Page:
5. Growth of lactic acid bacteria in waste waters of vegetable-processing plants.

    PubMed

    Mundt, J O; Larsen, S A; McCarty, I E

    1966-01-01

    Waters used in washing, blanching, cooling, and conveying vegetables during processing for freezing were filtered, sterilized, and inoculated with Streptococcus faecalis, S. lactis, or Lactobacillus plantarum. The contents of total nitrogen and total solids were determined, and ninhydrin tests and Benedict's tests for reducing sugars were performed. Substances positive to the ninyhydrin tests and also capable of supporting the growth of the bacteria to high levels of population were found in waters used to blanch cut green beans, but not in the cooling or conveying waters. They were found only in waters following slicing of blanched whole beans. They were also present in waters used in processing purple hull peas at all stages, but only in the waters used to blanch and cool lima beans. The substances were present in waters used to wash and blanch squash, but only in the waters used to blanch greens; they were not found in the cooling waters during the handling of either vegetable. No waters used in the processing of okra yielded a positive ninhydrin test, nor did they support the growth of the lactic acid bacteria. PMID:4958145

  6. Biofiltration of high concentration of H2S in waste air under extreme acidic conditions.

    PubMed

    Ben Jaber, Mouna; Couvert, Annabelle; Amrane, Abdeltif; Rouxel, Franck; Le Cloirec, Pierre; Dumont, Eric

    2016-01-25

    Removal of high concentrations of hydrogen sulfide using a biofilter packed with expanded schist under extreme acidic conditions was performed. The impact of various parameters such as H2S concentration, pH changes and sulfate accumulation on the performances of the process was evaluated. Elimination efficiency decreased when the pH was lower than 1 and the sulfate accumulation was more than 12 mg S-SO4(2-)/g dry media, due to a continuous overloading by high H2S concentrations. The influence of these parameters on the degradation of H2S was clearly underlined, showing the need for their control, performed through an increase of watering flow rate. A maximum elimination capacity (ECmax) of 24.7 g m(-3) h(-1) was recorded. As a result, expanded schist represents an interesting packing material to remove high H2S concentration up to 360 ppmv with low pressure drops. In addition, experimental data were fitted using both Michaelis-Menten and Haldane models, showing that the Haldane model described more accurately experimental data since the inhibitory effect of H2S was taken into account.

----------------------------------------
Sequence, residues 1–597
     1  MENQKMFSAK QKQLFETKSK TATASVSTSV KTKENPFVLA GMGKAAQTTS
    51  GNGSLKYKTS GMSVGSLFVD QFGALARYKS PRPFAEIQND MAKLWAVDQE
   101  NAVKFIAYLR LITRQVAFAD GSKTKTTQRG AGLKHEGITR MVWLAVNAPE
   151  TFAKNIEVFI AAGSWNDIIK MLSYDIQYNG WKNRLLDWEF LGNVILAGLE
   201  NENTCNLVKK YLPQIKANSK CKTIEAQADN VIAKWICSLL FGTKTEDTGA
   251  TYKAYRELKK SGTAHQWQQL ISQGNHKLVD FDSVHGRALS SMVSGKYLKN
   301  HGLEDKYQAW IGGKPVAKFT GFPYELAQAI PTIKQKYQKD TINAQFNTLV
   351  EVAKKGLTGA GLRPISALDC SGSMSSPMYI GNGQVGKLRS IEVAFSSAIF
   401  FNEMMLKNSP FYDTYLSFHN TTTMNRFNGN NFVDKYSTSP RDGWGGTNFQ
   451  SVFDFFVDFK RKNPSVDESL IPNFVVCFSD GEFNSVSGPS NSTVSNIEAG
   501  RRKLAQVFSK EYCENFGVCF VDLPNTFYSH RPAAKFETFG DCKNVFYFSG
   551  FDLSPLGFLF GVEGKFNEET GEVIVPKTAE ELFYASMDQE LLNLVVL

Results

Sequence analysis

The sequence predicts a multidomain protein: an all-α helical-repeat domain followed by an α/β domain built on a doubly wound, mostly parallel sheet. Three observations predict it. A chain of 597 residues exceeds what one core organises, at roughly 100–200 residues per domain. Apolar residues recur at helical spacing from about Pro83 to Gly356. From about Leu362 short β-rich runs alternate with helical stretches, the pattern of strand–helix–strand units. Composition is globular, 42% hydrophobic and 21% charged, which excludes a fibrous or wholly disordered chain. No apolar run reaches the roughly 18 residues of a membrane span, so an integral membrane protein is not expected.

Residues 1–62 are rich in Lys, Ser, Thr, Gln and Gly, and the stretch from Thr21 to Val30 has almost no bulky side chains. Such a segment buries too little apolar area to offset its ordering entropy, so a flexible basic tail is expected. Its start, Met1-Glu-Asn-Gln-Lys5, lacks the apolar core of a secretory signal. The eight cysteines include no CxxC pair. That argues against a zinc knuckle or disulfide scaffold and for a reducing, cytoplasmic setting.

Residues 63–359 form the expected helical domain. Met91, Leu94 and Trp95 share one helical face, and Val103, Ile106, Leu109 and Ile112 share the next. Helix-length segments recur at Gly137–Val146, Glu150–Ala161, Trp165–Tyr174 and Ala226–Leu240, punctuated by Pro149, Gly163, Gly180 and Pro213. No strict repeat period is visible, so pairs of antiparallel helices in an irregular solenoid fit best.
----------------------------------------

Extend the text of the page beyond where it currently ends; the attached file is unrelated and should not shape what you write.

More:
7. Pretreatment of banana agricultural waste for bio-ethanol production: individual and interactive effects of acid and alkali pretreatments with autoclaving, microwave heating and ultrasonication.

    PubMed

    Gabhane, Jagdish; William, S P M Prince; Gadhe, Abhijit; Rath, Ritika; Vaidya, Atul Narayan; Wate, Satish

    2014-02-01

    Banana agricultural waste is one of the potential lignocellulosic substrates which are mostly un-utilized but sufficiently available in many parts of the world. In the present study, suitability of banana waste for biofuel production with respect to pretreatment and reducing sugar yield was assessed. The effectiveness of both acid and alkali pretreatments along with autoclaving, microwave heating and ultrasonication on different morphological parts of banana (BMPs) was studied. The data were statistically analyzed using ANOVA and numerical point prediction tool of MINITAB RELEASE 14. Accordingly, the optimum cumulative conditions for maximum recovery of reducing sugar through acid pretreatment are: leaf (LF) as the substrate with 25 min of reaction time and 180°C of reaction temperature using microwave. Whereas, the optimum conditions for alkaline pretreatments are: pith (PH) as the substrate with 51 min of reaction time and 50°C of reaction temperature using ultrasonication (US).

  8. Improvement of Omega-3 Docosahexaenoic Acid Production by Marine Dinoflagellate Crypthecodinium cohnii Using Rapeseed Meal Hydrolysate and Waste Molasses as Feedstock.

    PubMed

    Gong, Yangmin; Liu, Jiao; Jiang, Mulan; Liang, Zhuo; Jin, Hu; Hu, Xiaojia; Wan, Xia; Hu, Chuanjiong

    2015-01-01